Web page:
==Interactive Fiction==
 
==Interactive Fiction==
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==The Image-Based Computer Game==
 
==The Image-Based Computer Game==
 
[[Image:Wow.jpg|thumb|left|Creating an avatar in World of Warcraft.]]  
 
[[Image:Wow.jpg|thumb|left|Creating an avatar in World of Warcraft.]]  
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[[Image:Everquest.jpg|thumb|right|Navigating EverQuest.]]
  
 
[[Category:Gaming]]
 
[[Category:Gaming]]

Revision as of 19:06, 25 April 2010

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The opening sequence of Zork I, created in 1979 by Infocom.

Text-Based Computer Games were computer games popular during the 1980s that required players to read lines of text on their computer screen which described a virtual world and allowed players to interact within that world by typing textual commands using a keyboard. The games did not contain graphics (pixel-based images such as bitmaps or raster graphics), and required heavy participating from the user, creating an experience that closely linked the human body to machine. Games such as Zork and Adventureland are difinitive examples of text-based computer games, and although they are not obsolete, they have generally been remediated by image-based computer games such as World of Warcraft and EverQuest that feature high-end animated computer graphics, ultimately allowing the user to detach themselves from the game, replacing their physical body with that of a digitized avatar. This article will explore the experience of text-based computer gaming, and argue that is a form of interactive fiction which prompts players to actively use their minds in order to imagine a virtual world, allowing them to solve a maze-like puzzle. This article will also include an analysis of Multi-User Dungeon Object Oriented virtual realms (MOOs), because although they are not technically "games," they are text-based virtual worlds that allow users to explore textual world while interacting with other users in a chat-based setting, while additionally allowing users to participate in narrative creation through object-oriented programming.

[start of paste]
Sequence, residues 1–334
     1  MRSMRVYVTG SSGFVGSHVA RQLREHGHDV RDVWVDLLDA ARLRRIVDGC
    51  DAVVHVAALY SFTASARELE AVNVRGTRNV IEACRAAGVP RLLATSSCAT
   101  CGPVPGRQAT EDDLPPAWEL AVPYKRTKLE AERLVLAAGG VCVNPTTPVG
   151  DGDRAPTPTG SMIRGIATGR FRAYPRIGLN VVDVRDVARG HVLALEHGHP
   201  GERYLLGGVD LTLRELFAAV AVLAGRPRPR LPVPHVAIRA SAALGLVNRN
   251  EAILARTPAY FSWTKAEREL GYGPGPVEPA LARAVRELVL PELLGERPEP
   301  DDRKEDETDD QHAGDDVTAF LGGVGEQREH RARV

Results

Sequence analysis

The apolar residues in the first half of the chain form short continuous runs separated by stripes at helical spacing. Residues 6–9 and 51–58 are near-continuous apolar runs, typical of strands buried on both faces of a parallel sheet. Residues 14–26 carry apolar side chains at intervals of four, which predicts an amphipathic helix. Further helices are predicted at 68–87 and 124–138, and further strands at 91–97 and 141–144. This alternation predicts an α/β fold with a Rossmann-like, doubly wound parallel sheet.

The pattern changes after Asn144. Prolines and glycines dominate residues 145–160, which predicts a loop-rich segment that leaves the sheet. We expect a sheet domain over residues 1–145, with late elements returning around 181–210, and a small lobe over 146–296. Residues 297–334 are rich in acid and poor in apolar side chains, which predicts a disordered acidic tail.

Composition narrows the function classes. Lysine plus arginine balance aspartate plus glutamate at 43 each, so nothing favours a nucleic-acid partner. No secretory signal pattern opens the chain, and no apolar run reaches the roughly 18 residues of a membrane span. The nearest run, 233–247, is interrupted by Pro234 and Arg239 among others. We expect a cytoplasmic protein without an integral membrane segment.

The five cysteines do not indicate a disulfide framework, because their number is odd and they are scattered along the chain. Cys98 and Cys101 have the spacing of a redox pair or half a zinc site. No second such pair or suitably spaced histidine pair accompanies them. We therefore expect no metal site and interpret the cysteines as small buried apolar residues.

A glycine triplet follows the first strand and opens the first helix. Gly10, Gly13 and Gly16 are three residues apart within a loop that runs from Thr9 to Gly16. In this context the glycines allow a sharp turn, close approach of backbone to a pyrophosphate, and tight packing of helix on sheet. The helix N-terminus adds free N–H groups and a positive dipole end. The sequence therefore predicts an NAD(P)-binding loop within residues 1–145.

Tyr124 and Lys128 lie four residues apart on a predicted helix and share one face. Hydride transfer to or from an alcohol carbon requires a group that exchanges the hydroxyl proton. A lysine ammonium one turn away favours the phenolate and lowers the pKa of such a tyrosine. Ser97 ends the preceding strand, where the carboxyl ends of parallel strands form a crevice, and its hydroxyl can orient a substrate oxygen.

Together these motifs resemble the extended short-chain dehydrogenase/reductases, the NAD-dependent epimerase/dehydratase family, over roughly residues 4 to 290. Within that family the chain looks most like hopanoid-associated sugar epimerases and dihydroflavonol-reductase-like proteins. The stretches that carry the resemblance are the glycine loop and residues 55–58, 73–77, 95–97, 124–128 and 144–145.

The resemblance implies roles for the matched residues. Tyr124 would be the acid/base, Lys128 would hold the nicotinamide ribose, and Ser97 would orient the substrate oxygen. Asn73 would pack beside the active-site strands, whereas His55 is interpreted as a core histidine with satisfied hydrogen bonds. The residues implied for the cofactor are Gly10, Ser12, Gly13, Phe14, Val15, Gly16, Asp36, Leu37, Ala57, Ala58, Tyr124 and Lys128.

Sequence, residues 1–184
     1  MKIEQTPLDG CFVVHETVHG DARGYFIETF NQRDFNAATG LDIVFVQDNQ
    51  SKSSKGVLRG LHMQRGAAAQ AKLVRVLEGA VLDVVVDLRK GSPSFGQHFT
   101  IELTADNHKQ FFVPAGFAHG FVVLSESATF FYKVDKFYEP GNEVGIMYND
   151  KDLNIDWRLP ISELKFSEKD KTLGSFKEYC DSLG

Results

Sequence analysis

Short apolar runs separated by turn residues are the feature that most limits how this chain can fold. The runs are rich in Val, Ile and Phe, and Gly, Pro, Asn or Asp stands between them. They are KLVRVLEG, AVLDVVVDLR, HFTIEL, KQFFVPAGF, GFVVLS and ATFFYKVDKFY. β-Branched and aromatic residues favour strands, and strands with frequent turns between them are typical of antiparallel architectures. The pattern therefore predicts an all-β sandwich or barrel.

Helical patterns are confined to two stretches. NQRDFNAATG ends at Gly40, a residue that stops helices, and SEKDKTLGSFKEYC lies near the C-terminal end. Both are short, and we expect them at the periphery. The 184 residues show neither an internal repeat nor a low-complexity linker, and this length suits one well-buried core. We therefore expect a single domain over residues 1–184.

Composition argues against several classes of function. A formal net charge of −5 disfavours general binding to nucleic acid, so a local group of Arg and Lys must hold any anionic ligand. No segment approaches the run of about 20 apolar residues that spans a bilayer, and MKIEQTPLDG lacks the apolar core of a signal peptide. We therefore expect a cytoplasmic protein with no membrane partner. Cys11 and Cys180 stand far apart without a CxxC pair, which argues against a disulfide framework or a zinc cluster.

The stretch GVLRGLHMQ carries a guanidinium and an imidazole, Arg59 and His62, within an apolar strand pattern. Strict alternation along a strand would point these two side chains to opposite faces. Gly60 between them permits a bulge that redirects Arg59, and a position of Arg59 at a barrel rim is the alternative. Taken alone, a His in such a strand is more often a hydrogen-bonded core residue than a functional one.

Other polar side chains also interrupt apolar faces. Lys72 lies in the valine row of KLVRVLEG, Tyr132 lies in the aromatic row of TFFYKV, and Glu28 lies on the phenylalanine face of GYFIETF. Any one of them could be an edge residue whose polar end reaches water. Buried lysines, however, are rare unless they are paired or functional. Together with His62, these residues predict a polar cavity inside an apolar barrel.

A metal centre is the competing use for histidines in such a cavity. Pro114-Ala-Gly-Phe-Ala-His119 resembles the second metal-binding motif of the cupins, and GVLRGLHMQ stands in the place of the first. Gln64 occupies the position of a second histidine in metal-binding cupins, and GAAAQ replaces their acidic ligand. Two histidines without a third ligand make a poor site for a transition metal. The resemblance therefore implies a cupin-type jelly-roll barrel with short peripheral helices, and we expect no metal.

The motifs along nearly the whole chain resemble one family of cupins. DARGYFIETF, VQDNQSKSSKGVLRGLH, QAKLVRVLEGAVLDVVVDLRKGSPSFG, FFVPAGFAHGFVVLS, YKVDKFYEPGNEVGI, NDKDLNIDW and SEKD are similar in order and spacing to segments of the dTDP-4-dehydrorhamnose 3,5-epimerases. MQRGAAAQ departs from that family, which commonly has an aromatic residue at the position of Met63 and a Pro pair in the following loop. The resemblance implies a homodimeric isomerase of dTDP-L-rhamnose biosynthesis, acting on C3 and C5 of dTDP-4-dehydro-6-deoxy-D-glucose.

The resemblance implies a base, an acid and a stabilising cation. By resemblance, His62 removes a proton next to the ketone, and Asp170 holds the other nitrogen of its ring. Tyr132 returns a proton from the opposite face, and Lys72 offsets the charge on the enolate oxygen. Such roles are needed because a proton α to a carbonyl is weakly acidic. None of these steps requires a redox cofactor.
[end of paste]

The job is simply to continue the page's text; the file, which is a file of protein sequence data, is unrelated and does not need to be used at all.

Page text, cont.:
Interactive Fiction

Remediated Narrative

The Labyrinth

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WWDBD?

The Typed Word

Visuality/The Imagined

MOOs, OOP, and Interface

The Image-Based Computer Game

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Creating an avatar in World of Warcraft.
Error creating thumbnail: Unable to save thumbnail to destination
Navigating EverQuest.